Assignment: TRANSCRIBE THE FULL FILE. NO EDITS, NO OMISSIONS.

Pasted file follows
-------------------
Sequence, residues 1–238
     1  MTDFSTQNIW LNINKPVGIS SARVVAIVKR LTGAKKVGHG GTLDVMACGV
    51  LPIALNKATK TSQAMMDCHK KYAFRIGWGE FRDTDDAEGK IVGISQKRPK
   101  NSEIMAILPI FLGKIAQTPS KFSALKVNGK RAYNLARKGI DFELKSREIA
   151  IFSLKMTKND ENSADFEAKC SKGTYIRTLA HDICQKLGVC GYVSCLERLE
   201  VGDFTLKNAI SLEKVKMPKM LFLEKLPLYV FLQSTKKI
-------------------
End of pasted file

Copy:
Sequence, residues 1–238
     1  MTDFSTQNIW LNINKPVGIS SARVVAIVKR LTGAKKVGHG GTLDVMACGV
    51  LPIALNKATK TSQAMMDCHK KYAFRIGWGE FRDTDDAEGK IVGISQKRPK
   101  NSEIMAILPI FLGKIAQTPS KFSALKVNGK RAYNLARKGI DFELKSREIA
   151  IFSLKMTKND ENSADFEAKC SKGTYIRTLA HDICQKLGVC GYVSCLERLE
   201  VGDFTLKNAI SLEKVKMPKM LFLEKLPLYV FLQSTKKI